Flying through security checkpoints in the US, I have seen and experienced passengers getting chewed out for choosing opt-out pat-down screening, with agents being extremely annoyed about the extra time required and ranting about how terrible the consequences would be if everybody did so. Such passengers sometimes lose property beyond prohibited items, and are powerless to do anything about it.
If the passenger tries to complain after, the TSA can simply deny the truth and claim it doesn't happen, or claim the passenger was doing something wrong. The passenger may not have any access to TSA video records which would disprove their claims, as that's considered secret, unless the records clearly show that the passenger was in fact in the wrong. Signs in security screening areas clearly prohibit recording, communicating the message that the passenger cannot have any recording evidence and their word is easily discounted compared to someone in uniform.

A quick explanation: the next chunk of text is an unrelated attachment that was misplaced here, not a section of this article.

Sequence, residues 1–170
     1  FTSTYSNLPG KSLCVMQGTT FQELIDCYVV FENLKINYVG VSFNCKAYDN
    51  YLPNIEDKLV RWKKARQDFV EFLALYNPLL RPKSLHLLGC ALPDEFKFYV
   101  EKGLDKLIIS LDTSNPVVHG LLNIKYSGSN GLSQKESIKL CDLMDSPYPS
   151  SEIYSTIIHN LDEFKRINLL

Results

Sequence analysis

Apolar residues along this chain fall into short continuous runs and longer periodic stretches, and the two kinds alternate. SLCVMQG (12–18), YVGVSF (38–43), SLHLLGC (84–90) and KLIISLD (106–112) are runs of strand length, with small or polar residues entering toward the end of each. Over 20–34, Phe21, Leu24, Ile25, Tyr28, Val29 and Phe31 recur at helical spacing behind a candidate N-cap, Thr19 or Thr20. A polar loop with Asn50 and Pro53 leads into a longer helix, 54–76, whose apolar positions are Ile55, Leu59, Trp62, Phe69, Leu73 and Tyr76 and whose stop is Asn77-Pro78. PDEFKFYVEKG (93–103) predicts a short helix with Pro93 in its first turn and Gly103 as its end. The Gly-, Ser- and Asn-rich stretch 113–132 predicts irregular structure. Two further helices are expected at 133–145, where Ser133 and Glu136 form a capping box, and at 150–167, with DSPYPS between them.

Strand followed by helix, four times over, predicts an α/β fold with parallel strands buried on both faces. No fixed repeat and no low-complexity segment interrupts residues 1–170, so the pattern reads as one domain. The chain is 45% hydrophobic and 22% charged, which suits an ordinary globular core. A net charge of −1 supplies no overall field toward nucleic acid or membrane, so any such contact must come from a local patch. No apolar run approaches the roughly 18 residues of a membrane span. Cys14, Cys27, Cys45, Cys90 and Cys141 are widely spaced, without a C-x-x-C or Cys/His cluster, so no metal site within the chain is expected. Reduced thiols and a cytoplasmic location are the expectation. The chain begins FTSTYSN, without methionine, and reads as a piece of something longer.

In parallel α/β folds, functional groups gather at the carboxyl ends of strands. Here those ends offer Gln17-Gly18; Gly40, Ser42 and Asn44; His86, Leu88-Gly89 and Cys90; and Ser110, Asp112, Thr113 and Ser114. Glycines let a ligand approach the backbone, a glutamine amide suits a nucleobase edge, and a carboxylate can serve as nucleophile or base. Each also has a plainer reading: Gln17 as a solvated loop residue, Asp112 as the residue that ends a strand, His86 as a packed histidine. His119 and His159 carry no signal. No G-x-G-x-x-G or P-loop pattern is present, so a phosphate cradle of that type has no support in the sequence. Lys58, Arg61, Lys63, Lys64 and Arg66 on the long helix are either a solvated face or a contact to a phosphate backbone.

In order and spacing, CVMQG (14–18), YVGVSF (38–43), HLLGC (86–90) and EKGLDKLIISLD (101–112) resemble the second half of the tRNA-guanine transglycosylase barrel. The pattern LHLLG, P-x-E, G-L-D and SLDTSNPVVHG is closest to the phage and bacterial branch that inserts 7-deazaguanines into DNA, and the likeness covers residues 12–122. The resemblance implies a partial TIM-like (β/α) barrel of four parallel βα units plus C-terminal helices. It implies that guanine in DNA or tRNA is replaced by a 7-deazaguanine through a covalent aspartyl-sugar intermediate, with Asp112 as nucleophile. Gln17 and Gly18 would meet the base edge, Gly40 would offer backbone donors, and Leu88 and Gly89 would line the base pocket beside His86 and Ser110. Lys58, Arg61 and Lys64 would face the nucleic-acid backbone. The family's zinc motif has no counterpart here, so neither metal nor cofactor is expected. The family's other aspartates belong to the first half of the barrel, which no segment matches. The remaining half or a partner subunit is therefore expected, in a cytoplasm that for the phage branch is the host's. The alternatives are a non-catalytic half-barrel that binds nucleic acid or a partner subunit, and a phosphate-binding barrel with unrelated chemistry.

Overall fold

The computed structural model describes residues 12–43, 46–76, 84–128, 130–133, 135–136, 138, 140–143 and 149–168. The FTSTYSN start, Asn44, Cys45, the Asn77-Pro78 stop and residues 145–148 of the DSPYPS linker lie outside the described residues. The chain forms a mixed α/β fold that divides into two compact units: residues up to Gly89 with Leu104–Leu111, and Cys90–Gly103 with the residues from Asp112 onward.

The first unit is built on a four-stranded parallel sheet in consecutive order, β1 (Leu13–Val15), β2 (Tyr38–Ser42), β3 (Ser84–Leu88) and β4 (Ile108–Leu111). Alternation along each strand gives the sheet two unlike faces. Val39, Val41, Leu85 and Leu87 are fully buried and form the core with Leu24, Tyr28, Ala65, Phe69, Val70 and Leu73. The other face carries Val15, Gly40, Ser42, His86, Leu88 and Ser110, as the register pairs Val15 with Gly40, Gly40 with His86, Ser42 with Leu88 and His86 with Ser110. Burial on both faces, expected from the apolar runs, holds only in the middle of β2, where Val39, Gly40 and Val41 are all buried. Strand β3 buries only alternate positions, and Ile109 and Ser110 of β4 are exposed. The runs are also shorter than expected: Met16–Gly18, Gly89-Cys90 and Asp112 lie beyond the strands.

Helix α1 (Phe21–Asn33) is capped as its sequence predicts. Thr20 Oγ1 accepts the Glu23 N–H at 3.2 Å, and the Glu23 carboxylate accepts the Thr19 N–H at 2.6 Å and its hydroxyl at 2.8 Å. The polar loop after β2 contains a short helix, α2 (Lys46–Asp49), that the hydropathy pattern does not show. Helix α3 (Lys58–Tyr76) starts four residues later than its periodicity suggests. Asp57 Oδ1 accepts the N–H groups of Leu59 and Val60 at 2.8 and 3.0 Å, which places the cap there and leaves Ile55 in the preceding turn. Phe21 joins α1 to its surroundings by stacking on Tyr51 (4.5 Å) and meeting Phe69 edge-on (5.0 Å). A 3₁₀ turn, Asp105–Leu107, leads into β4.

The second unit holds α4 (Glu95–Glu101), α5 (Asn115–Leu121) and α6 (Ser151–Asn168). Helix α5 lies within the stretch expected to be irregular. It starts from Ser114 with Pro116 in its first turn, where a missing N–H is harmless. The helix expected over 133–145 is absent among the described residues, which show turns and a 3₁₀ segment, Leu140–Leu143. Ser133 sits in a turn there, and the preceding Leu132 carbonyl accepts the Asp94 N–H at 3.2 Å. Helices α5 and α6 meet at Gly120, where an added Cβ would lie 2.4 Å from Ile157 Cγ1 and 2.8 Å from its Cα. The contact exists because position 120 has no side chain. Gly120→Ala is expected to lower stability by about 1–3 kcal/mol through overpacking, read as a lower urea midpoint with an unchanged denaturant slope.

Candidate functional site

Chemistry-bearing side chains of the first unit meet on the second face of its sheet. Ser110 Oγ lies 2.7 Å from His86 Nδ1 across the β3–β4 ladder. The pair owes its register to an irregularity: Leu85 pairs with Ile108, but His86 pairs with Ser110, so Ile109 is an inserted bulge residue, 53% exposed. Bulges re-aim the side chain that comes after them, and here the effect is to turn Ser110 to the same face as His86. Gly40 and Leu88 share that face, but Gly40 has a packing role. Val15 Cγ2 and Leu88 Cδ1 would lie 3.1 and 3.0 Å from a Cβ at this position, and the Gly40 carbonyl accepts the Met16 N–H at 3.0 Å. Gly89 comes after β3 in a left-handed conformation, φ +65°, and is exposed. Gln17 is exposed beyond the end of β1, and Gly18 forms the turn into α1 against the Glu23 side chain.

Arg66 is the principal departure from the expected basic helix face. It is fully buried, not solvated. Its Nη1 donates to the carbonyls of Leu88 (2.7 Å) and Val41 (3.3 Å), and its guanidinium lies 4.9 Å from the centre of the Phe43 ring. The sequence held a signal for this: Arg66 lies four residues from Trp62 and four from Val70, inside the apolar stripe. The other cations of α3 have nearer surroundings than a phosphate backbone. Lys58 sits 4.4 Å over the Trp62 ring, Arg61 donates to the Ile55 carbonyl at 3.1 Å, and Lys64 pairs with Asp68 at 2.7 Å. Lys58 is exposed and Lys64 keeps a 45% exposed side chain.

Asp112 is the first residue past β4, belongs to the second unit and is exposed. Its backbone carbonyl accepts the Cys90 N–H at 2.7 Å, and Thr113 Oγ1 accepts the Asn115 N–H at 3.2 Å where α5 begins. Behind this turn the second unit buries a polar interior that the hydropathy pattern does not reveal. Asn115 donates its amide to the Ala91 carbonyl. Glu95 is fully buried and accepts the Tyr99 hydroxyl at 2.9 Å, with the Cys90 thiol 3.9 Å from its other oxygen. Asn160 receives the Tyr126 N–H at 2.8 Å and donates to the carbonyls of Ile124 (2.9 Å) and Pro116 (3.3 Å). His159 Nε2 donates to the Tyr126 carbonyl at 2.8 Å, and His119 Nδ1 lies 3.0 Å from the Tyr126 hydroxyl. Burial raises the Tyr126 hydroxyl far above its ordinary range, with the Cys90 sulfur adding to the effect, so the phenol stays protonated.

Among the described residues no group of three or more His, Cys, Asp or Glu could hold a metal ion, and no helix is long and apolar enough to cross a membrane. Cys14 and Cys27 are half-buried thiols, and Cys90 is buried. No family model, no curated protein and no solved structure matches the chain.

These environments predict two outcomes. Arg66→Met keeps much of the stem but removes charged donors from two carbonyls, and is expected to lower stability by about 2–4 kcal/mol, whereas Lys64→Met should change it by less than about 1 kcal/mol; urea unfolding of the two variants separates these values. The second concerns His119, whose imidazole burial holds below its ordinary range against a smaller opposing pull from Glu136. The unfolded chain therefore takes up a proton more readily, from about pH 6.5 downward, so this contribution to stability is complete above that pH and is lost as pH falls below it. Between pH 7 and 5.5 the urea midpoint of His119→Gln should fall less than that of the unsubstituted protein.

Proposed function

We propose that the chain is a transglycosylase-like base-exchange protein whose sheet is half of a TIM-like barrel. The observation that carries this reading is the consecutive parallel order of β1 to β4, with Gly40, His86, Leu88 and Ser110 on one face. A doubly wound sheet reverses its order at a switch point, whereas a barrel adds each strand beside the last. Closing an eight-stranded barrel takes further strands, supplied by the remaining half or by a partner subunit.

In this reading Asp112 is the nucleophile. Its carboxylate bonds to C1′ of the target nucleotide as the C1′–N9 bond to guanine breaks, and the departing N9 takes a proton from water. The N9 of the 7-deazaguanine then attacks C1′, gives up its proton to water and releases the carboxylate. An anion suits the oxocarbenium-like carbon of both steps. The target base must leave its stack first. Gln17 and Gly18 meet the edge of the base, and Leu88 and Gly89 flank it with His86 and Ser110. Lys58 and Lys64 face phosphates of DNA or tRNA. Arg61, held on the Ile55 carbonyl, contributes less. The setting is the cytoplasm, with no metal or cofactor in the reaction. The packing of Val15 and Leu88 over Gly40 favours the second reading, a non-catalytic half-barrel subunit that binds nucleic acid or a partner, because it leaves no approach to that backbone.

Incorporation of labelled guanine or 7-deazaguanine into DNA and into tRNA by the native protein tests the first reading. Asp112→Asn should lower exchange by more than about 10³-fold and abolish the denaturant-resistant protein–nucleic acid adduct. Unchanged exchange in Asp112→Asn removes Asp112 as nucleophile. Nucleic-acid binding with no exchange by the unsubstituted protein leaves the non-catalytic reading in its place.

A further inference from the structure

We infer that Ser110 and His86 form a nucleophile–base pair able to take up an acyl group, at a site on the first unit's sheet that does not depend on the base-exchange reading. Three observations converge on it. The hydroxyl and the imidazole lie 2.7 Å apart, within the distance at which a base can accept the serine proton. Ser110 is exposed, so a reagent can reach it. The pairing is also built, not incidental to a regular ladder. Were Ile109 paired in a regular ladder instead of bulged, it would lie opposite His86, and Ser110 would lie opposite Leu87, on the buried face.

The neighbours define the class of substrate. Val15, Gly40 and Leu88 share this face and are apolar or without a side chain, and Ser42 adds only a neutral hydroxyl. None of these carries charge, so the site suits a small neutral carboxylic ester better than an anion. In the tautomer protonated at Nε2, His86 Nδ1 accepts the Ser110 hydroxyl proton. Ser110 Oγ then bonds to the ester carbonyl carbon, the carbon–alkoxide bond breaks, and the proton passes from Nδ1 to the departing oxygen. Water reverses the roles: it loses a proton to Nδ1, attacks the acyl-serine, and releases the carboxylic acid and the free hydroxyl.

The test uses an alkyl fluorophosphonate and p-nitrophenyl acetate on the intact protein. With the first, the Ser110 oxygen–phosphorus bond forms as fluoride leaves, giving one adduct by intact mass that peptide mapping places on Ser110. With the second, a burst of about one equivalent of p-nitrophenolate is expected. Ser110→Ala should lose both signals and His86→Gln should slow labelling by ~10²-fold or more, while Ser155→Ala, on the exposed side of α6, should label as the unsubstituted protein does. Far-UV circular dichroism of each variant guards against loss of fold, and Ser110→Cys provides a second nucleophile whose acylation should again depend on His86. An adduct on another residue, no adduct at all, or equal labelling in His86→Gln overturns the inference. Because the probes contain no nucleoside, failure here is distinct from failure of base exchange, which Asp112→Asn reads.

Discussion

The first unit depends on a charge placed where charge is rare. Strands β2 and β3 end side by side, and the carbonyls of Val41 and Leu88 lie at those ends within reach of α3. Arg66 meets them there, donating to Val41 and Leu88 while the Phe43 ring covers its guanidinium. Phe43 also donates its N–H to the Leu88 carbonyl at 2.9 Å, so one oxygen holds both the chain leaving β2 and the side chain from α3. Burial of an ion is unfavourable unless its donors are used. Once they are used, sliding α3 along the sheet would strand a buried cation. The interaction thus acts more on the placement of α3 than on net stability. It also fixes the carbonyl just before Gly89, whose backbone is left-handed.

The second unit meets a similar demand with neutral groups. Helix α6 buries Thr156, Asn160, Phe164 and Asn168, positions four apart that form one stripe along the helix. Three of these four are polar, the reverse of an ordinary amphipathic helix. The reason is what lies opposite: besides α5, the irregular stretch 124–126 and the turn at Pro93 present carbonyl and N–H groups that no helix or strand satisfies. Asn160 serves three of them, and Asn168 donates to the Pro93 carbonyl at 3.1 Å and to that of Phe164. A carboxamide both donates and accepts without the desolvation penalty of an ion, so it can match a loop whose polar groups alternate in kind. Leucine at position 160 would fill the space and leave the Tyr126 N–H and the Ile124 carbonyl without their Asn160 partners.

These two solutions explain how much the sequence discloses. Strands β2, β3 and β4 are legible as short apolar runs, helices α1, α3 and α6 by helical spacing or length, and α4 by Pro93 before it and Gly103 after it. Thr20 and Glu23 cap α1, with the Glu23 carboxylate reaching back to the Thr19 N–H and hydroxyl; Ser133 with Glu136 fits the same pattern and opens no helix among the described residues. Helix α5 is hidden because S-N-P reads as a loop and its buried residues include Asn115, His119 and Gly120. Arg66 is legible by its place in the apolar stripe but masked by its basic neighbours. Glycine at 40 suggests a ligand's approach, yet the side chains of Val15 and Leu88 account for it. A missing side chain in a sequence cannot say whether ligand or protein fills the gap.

The elimination of ways in which officers can be held accountable opens the door to abuse of power (regardless of whether or not agents legally have much power) and leads to more situations in which the accountability is desired/necessary.
What does the law actually say regarding passengers' rights (or prohibitions) on recording interactions with TSA officers? What punishments are they allowed to institute on a passenger who attempts to record, beyond seizure of the passenger's property and detention past the passenger's flight departure time?